Botanical Name : Tinospora cardifolia Family Name: Menispermaceae Vernacular Names: Sans Guruchi; Hind: Amrita SANSKRIT NAME:Guduchi,Madhuparni,Amrita,Chinnaruha,
Vatsadaani,Tantrika,Kundalini,Chakralakshanika LOCAL NAMES: (in India) Giloya, Guduchi (Hindi), Gulancha(Bengali),Tippaatigo (Telugu), Shindilakodi (Tamil), Gulavel (Marathi),Galo (Gujarati),Amrita balli(kannada).
Habitat : Found throughout tropical India, ascending to an altitude of 1000 ft
Description:A big climber (glabrous).Climbs on large trees.Stems:-Fleshy.Roots:-long thread like, aerial,arise from branches.
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Bark Thin, greyish or creamy white in colour,When peeled fleshy stem is exposed. Leaves:– Cordate(heart shaped), membranous,juicy. Flowers:- Bloom during summer Male flower:-Small,yellow or green coloured occur in clusters.
Female flower Occur singly. Fruits:–Pea shaped,fleshy,shiny turn red when boiled.Occur in winter
Seeds:- curved,pea sized. Flowers and fruits . .
Cultivation : It grows well in almost all types of soils and under varying climatic conditions.
Chemical Constituents: alkaloid – Berberine and a glucosoid – Giloin.
Sesquiterpene tinocordifolin, Sesquiterpene glucoside tino cordifolioside, tinosponone, tinosrfioside, sordioside furanoid diterpene;
Medicinal Uses : It is useful in burning sensation hyperdipsia, helminthiasis, dyspepsia, flatulence, gout, vomiting, skin diseases, leprosy, erysipelas, anemia, cough, asthma, jaundice, seminal weakness, uropathy and splenopathy.
Studies on induced oedema and arthritis and on human arthritis proved anti-inflammatory potency of the water extract of plant. It also has antipyretic action.This drug relaxes the intestinal and uterine smooth muscles.It is proved effective in prevention of fibrosis and in stimulating regeneration in hepatic tissue
As per Ayurveda:The plant is guru, ushnaveerya, tikta, kasaya, antipyretic, beneficial in burning swnsation, pain, vomiting, dyscrasia, vitiated vata, polyuria, anaemia and vertigo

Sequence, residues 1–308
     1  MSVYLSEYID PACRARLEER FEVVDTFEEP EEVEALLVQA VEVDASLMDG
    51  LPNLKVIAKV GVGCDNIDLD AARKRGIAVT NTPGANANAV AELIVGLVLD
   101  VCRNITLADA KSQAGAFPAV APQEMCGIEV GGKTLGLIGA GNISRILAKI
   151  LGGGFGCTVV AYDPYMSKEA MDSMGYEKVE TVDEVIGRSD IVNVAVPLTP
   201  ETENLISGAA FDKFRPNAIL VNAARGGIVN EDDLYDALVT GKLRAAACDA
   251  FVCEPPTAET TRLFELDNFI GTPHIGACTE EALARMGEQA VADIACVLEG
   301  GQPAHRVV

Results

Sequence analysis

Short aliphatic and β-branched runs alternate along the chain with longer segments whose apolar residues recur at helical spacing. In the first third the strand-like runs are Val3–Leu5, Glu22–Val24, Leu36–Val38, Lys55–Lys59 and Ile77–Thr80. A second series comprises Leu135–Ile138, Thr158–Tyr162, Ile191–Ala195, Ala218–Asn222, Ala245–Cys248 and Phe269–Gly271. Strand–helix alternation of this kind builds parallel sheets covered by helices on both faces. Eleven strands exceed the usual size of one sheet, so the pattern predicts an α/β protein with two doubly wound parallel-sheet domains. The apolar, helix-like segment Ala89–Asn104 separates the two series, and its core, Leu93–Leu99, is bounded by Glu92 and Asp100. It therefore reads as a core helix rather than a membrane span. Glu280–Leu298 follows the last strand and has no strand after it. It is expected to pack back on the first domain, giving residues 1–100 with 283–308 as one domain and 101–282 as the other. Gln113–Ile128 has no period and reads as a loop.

Parts used: Leaves and stem.
Therapeutic uses :
The stem is bitter, astringent, sweet, thermogenic, antispasmodic, anti inflammatory , antipyretic, digestive, carminative, appetizer, stomachic, cardiotonic, aphrodisiac, rejuvenating, galacto-purifier, useful in vitiated, vata, burning sensation, dyspepsia, flatulence, intermittent fever, inflammations, gout, vomiting, cardiac debility, jaundice, anaemia, seminal weakness, asthma, cough, uropathy, splenopathy, skin diseases and general debility.
Stem-juice is valued in high fever and also given in jaundice either alone or mixed with honey.
Decoction of the stem is used for rheumatic fever and vomiting due to excessive bile secretion; slow fever associated with cough is arrested by the administration of its decoction mixed with Piper longum (fruits) and honey.
Stem, pasted with a little ginger, is prescribed in urticaria.
A kind of starch, called ‘Palo’, prepared from the aqueous extract of dried stem, is considered to have antacid, antidiarrhoeal and antidysenteric properties.
Leaves of the plant are rich in protein, calcium and phosphorus with no toxic effect and as such prescribed in fever. Aqueous extract of the plant is a fabrifuge.
Disclaimer:The information presented herein is intended for educational purposes only. Individual results may vary, and before using any supplements, it is always advisable to consult with your own health care provider.
An eating disorder is a compulsion to eat, or avoid eating, that negatively affects both one’s physical and mental health. Eating disorders are all encompassing. They affect every part of the person’s life. According to the authors of Surviving an Eating Disorder, “feelings about work, school, relationships, day-to-day activities and one’s experience of emotional well being are determined by what has or has not been eaten or by a number on a scale.” Anorexia nervosaand bulimia nervosa are the most common eating disorders generally recognized by medical classification schemes, with a significant diagnostic overlap between the two. Together, they affect an estimated 5-7% of females in the United States during their lifetimes. There is a third type of eating disorder currently being investigated and defined – Binge Eating Disorder. This is a chronic condition that occurs when an individual consumes huge amounts of food during a brief period of time and feels totally out of control and unable to stop their eating. It can lead to serious health conditions such as morbid obesity, diabetes, hypertension, and cardiovascular disease. ANAD, or the National Association of Anorexia Nervosa and Associated Disorders is a non profit organization aimed at fighting these disorders. They work primarily in areas such as research, educating the public and running a hotline which is dedicated to referring those afflicted by disorders to support groups, therapists, or inpatient/outpatient clinics.
Eating disorders often are long-term illnesses that may require long-term treatment. In addition, eating disorders frequently occur with other mental disorders such as depression, substance abuse, and anxiety disorders (NIMH, 2002). The earlier these disorders are diagnosed and treated, the better the chances are for full recovery.
Who Is At Risk?